- Yeah, you know, one of the things that everyone realized pretty quickly when the pandemic occurred is, much of their hardware was just not up to the task. You know, think about it for a minute. Everybody went from working in the office, to now working in Teams, you know, 24 by 7. And there was a run on things like cameras and laptops. You know, in fact, in March and April, you could not find a camera or a laptop if you looked as hard as you could. If you’re in a company that takes delivery of laptops, installs Windows and apps on them, then sends out the hardware to people, you know, this process just doesn’t work if you wanted to run that type of a build lab from home. Can you imagine receiving dozens of PCs daily to your home, building a lab to provision all that, and then sending it out to your users? And this is where Windows Autopilot comes in. You can drop ship devices directly to your users, whether that’s at a work or home address, and you are in still complete control over the apps and policies that those users get once the user takes delivery. The PC has provision over the internet without having to be on the corporate network. And recently, one of the new things we added, the ability to set up co-management as a part of Autopilot. You know, before, Autopilot only supported AAD. But now you can have the device joined Active Directory and actually deploy the ConfigMgr agent as a part of Autopilot. That means that all those apps that you’ve been managing from Configuration Manager can now easily be deployed as a part of the Autopilot process. So you don’t have to migrate your Windows apps to Intune or manage them in two different places. Now, check this out. Here I have an OS deployment task sequence for a new computer, and all I have to do is disable or remove the operating system installation tasks, and all these other tasks will work the same. And if you use nested task sequences, you can even use the configuration sequences unchanged. So they’ll work via ConfigMgr, or Autopilot provisioning. No build lab is needed, Autopilot will execute all of this as expected. And as a part of the Autopilot process on the endpoint, you’ll see this execute part of the enrollment status page. It’s just one of the nine apps listed here. And if you want to, you can just see the task sequence progress UI too, but in my case, we’ve hidden it.

- Nice, so okay, we’re familiar then with the concept of co-management, or you can decide different aspects that are managed by either Intune or Configuration Manager. And last time you were on Mechanics, we actually saw something called tenant attach, where you get an unified list then of the devices and don’t need to choose kind of between one tool or the other. But you can, as you can see here, you can actually initiate things like machine policy and user policy sync directly from the MEM admin center.

- This is a huge update and simplification that enables organization, the customers to attach the Microsoft 365 Cloud to their ConfigMgr deployment. With tenant attach there’s nothing that has to happen on the endpoint. It’s all done in the Admin UI. You the IT Pro connects an Intune tenant to your ConfigMgr deployment, and we instantly give you new value, such as the ability to see and take actions on all of your devices from the Microsoft Endpoint Manager console. We’ve seen a huge uptake in cloud attach. 5% of all Windows devices managed by Microsoft Endpoint Manager a year ago, to literally 19% today. And we see this quickly getting to 1/3 of all devices a year from right now, and soon, over 1/2 of all the Windows 10 devices managed by Microsoft Endpoint Manager will be cloud attached. So if you’re not enabling cloud attach, you are falling behind. Good news is, there’s no transition needed, and you can even execute many of the Core ConfigMgr policies directly from any browser now. Microsoft Endpoint Manager admin console is literally that hub that gives you that consolidated view from all of your endpoints. And there’s some really cool new things coming. For example, with timeline, as you can see here, you get all of the interesting events that have happened on a device. This is great for troubleshooting your devices. And that’s not the only place we’ve made the addition of Microsoft cloud insights available to your on-prem ConfigMgr deployment. You know, Group Policy has been a staple for IT teams for decades in setting settings, across Windows and Windows applications. And at the core of Group Policy are these ADMX files that are used for templates that define all these settings. So last year, we added ADMX-backed policy management directly into Intune to expose thousands of additional settings. Here we’re looking at a configuration profile for Windows 10, with administrative templates selected. We now keep these up-to-date, not only with the latest Windows policies, but if you look at Computer Configuration, you see all the policy settings you need to manage Microsoft 365, the Edge browser. Office 2016, which manages everything Office 2016 and newer, as well as your Office 365 apps and OneDrive policies. And these are still delivered via the same policy configuration service or CSP. So your Windows 10 machines just need to be joined to Endpoint Manager to take advantage of all of this.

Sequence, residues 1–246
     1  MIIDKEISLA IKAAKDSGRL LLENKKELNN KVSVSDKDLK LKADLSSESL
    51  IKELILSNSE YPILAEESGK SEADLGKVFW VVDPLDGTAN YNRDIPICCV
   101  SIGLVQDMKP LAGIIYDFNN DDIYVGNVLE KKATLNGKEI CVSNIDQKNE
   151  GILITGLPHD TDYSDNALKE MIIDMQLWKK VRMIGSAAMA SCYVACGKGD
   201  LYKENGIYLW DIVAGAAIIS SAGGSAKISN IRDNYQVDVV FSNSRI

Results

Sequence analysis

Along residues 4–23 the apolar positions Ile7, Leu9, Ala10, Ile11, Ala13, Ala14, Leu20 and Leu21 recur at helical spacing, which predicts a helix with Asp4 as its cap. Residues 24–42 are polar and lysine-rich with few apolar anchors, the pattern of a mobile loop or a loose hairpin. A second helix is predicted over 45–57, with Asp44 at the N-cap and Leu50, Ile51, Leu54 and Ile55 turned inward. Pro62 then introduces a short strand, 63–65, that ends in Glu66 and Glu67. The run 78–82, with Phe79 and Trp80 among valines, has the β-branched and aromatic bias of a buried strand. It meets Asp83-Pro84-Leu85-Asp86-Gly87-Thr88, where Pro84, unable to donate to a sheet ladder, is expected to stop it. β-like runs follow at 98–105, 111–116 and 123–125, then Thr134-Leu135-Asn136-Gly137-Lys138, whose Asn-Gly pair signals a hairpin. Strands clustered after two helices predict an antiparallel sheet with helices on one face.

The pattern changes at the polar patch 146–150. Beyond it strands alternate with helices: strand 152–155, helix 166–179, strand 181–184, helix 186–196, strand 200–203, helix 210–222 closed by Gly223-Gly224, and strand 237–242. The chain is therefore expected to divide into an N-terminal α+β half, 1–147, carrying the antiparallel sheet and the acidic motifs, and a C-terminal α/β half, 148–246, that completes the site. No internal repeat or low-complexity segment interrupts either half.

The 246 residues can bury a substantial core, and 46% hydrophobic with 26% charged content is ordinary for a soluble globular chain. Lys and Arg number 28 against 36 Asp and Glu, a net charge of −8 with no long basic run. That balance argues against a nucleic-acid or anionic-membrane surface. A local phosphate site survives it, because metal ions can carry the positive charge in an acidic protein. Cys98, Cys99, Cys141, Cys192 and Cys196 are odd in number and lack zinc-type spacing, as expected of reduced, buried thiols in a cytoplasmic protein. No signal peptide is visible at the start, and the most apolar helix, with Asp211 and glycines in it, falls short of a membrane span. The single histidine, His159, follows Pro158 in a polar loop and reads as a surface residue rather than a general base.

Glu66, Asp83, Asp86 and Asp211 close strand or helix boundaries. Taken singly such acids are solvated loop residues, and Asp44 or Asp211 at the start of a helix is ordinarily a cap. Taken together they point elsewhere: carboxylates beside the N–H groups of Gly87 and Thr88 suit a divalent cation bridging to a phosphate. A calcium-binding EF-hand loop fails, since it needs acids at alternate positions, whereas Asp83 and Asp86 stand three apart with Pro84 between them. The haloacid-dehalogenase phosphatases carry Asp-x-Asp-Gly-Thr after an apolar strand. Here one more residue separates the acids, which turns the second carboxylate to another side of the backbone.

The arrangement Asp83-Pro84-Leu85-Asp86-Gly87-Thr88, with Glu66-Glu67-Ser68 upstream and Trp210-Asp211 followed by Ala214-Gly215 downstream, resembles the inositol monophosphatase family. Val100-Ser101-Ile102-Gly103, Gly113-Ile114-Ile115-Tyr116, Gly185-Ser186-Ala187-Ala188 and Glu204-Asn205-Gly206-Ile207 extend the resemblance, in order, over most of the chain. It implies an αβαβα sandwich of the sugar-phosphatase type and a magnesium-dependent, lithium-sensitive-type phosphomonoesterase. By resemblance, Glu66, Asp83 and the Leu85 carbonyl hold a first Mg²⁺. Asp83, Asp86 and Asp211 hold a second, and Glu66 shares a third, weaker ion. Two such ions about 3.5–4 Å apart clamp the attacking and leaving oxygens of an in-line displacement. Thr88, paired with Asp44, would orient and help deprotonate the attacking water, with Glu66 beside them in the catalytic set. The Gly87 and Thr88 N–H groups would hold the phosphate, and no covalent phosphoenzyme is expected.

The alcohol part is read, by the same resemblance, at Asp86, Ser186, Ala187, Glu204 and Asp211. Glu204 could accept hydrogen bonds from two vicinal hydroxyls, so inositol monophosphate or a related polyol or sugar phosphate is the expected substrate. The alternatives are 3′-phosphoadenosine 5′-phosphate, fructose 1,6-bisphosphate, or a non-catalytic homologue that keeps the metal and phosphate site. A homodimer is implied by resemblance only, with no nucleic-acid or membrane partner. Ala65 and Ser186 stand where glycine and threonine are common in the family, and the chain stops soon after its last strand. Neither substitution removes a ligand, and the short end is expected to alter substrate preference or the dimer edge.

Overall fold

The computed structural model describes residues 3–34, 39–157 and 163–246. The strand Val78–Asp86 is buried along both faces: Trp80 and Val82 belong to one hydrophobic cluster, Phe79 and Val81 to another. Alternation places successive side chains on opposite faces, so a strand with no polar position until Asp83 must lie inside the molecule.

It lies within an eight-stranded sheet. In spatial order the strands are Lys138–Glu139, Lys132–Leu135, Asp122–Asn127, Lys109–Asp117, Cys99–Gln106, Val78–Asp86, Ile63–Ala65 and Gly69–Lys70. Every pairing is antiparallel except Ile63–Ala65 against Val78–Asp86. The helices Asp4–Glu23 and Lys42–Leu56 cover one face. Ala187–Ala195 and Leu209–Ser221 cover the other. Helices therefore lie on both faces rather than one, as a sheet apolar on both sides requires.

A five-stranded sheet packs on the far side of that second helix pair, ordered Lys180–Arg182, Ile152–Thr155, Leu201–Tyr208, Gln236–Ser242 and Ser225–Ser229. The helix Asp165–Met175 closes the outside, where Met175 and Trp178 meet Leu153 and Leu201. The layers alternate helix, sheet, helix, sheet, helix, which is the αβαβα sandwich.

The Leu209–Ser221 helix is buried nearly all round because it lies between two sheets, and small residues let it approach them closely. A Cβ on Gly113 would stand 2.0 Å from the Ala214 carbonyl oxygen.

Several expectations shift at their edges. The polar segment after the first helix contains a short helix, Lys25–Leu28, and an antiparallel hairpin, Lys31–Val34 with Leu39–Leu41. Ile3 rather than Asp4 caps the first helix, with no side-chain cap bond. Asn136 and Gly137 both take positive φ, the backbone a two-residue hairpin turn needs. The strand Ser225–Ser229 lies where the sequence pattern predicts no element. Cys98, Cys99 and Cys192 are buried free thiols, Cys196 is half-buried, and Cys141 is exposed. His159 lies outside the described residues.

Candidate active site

- Right, and that really blew my mind when I saw those policies light up in Intune. But now with also Office and the Edge ADMX settings in there, and up-to-date, it’s more than just control for non-domain joined PCs like you can do here, but it’s also a huge time saver.